The students are starting the investigations of the Unit 2: Properties of Matter. The essential question for this unit is: How do we describe the properties of matter?
Basically, in this unit, students expand their awareness of the properties of solids and liquids.
The first investigation represents the study of properties of solids. These properties include: color, texture, shape, hardness, ability to roll or stack, magnetic attraction, float or sink. The students will be sorting solids into groups on the basis of their properties. Also, they will be comparing objects – heavier than, lighter than, equal to (using binary symbols <, >, =) and putting objects in the serial order from the lightest to the heaviest by using a balance. Above described investigation will be an ongoing experimentation through April 2018.
During the month of January, the students will be only sorting objects into groups based on the color, texture, shape, hardness, flexibility and their ability to roll or stack. They will be comparing similarities and differences among a variety of common solids expressed by using Venn Diagrams.
The students will continue the Investigation 3: Using Rocks. The investigation was described in the science blog for December.
The Investigation 3 will be followed by the Investigation 4: Soil Observations. The students will find out through experimentation that soil contains particles of different sizes and that sand, clay and humus (organic matter) are three of the basic components in soil. They will gain an understanding of differences between soil and dirt as well as ability to describe and define different soil profiles. Phenomena such as settling, water content, and soil consistency will be also explored.
Within this investigation, the students will learn about composting with earthworms (red wigglers). They will observe and describe the structures and functions of ref wigglers.
The students started Investigation 3: Take Me to Your Liter before the holidays brake. Meantime, they will continue with the investigation. They will learn how to find the volume of an irregular object (for example: a rock) by using displacement of the water by an object.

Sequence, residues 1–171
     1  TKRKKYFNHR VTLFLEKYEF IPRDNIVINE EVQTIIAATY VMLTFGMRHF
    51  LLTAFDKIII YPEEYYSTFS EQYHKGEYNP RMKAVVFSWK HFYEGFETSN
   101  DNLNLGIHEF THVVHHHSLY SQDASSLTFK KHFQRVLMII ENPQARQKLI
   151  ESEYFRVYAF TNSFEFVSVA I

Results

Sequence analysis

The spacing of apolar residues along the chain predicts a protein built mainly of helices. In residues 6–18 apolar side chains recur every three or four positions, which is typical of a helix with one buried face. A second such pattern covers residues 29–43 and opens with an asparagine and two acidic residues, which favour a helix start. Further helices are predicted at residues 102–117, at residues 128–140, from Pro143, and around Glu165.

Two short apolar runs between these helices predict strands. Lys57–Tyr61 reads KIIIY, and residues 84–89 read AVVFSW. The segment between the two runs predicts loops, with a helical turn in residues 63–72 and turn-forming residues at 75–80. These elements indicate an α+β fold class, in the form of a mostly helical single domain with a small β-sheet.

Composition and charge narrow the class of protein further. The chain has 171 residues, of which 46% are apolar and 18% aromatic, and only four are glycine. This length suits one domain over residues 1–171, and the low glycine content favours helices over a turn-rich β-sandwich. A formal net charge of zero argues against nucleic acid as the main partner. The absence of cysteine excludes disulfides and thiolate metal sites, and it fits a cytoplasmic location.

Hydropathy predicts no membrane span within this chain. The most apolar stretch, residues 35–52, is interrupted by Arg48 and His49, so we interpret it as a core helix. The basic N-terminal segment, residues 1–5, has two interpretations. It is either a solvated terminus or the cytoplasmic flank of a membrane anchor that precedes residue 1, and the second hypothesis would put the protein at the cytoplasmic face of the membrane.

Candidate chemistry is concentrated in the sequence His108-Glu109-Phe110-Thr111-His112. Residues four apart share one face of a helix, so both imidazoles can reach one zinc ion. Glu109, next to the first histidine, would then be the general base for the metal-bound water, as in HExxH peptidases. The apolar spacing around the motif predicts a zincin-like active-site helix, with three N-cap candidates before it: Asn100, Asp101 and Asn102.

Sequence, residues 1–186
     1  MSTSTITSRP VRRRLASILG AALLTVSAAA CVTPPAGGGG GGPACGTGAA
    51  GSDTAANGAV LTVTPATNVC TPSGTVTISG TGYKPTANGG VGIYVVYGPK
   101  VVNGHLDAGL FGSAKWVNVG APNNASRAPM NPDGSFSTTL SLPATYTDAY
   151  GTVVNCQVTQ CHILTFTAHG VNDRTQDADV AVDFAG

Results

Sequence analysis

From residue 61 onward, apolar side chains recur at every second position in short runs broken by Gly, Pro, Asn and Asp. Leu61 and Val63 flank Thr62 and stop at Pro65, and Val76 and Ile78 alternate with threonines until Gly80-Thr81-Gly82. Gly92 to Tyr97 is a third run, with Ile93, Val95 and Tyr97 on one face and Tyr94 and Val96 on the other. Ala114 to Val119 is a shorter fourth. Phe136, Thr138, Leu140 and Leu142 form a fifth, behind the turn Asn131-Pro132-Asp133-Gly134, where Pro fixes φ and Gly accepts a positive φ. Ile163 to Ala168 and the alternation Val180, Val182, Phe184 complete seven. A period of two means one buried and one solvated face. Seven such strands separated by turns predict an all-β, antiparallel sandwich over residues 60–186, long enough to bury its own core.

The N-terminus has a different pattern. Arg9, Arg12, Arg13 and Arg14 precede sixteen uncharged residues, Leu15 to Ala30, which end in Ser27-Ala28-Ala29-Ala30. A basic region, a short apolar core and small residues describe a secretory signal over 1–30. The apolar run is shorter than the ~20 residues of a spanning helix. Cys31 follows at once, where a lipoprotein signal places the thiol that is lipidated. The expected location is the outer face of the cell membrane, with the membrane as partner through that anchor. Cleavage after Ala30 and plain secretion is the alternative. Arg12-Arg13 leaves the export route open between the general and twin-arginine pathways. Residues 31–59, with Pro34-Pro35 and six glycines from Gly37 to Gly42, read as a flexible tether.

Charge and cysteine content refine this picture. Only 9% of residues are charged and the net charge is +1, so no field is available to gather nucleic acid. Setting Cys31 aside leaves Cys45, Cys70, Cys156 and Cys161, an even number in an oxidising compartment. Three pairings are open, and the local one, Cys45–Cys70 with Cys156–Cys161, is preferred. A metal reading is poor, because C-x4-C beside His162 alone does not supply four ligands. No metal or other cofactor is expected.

They will try to solve a real word problem related to soda-can capacity. They will need to figure out if the amount of soda listed on the can (355 mL) represents the volume of soda in the can or the capacity of the can.
They will write a plan of testing the soda- can capacity, collect and record data, and write conclusion.
The students will also analyze few articles related to the measuring volume and capacity of different containers in the metric system.
The students will continue with the exploration of the meadow ecosystem. They will be putting together different food chains and a food web. They will discuss (argumentation in science) what happens when a link is removed from a food chain or a food web (for example: a producer is removed, or a primary, secondary consumer is removed), how this action affects the rest of the food chain or a food web, what are the consequences of the missing link.
There will be a lesson done in cooperation with the Art Farm Program. This lesson is scheduled for Wednesday, January 3rd. The animals that will be observed and discussed represent different ecosystems (dove- forest, chuckwalla- desert, chinchilla- mountains, walking stick- rain forest, box turtle- pond).
Towards the end of January, the students will start the Unit 2: Electricity and Magnetism. The essential question for this unit is: How does the use of electricity and magnetism affect our world?
The Investigation 1: Electricity introduces the students to the basic properties of electricity as they learn about electric circuits. At first, they will try to build a simple circuit by using a D- cell battery, bulb and a wire. They will discover through direct experience how many ways they can light a bulb by using only one battery, one bulb, and one wire.